A tort is a harmful act, or failure to act, for which the law provides a remedy. Tort law is based on the basic principle that an injured person ("plaintiff") should be compensated by the person who is responsible for the injury ("defendant"). Tort law provides a civil remedy, as opposed to a criminal remedy. Therefore, tort law does not provide for punishment in the form of imprisonment or fines. There are three types of torts: (1) Intentional Torts, (2) Negligence and (3) Strict Liability.
An intentional tort is an action taken with intent (rather than with recklessness or carelessness) resulting in the harm of another. To prove that a defendant acted intentionally, the plaintiff must show that they acted deliberately or willfully with actual or "constructive" knowledge that injury is a likely result from their actions and they made a conscious decision not to avoid such an action. This action must result in plaintiff's injury. Examples of intentional torts include assault, battery, false imprisonment, trespass and even defamation.
Unlike intentional torts, torts of negligence involve the degree of care a defendant took in causing an injury and how that relates to the degree of care, according to the law, they should have exercised. To prove a negligence claim, a plaintiff must show (1) defendant owed a duty to plaintiff to conform to a certain level of conduct, (2) defendant breached that duty, (3) defendant's breach caused of plaintiff's injury, and (4) that plaintiff was injured/damaged. In California, the doctrine of "comparative negligence" controls. Comparative negligence allows a jury to compare the relative fault of plaintiff and defendant when deciding on damages. For example, if plaintiff was 10% at fault for the accident, then defendant would only be liable for 90% of plaintiff's damages.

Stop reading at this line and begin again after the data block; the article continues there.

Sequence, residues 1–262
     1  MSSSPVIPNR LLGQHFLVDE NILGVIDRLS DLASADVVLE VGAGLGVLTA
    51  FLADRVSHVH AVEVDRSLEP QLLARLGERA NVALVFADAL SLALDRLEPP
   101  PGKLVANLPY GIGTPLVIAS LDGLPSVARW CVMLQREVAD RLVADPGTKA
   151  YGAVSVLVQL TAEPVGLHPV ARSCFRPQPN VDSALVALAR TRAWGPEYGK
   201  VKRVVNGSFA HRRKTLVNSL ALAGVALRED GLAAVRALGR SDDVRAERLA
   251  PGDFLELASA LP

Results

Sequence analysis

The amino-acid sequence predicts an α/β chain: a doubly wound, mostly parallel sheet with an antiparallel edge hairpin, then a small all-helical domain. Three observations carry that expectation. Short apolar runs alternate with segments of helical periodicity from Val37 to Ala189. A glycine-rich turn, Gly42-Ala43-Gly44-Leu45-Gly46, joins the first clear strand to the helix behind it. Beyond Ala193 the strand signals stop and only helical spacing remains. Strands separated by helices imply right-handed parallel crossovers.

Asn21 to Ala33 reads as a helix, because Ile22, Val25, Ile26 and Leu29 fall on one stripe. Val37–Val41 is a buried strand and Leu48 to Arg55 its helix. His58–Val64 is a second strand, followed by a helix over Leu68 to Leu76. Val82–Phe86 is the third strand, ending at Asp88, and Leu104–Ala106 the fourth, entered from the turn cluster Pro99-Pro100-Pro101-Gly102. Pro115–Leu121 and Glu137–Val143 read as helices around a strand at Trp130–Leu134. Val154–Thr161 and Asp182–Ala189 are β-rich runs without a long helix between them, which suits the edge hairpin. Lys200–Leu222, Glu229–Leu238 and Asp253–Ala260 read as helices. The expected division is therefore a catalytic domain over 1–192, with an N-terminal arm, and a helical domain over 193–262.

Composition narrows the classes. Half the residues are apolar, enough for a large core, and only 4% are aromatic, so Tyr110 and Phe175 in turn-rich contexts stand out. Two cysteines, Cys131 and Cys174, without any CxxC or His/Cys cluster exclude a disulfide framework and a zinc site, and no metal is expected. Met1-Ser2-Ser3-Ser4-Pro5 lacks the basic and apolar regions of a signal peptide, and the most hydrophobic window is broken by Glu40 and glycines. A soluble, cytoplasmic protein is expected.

Under a strict liability theory, plaintiff contends that defendant is responsible for their injuries regardless of whether they were at fault. This "no-fault" liability theory was historically used in situations where defendant's actions were ultra-hazardous or abnormally dangerous. In the last 50 years, strict liability is most frequently asserted against manufacturers for defective products. Products liability claims encourage manufacturers to develop and produce safe products and reflects a societal change towards consumer protection. To prove a strict liability claim, plaintiff must show that (1) a product was defective, (2) that defect was the actual and proximate cause of plaintiff's injury and (3) plaintiff suffered harm or damages.
If a person is injured by the actions of another, they have a variety of legal theories for which a claim for damages may be based. It is important for injured individuals to find an experienced and knowledgeable personal injury attorney to analyze their claim and get them the compensation they deserve.
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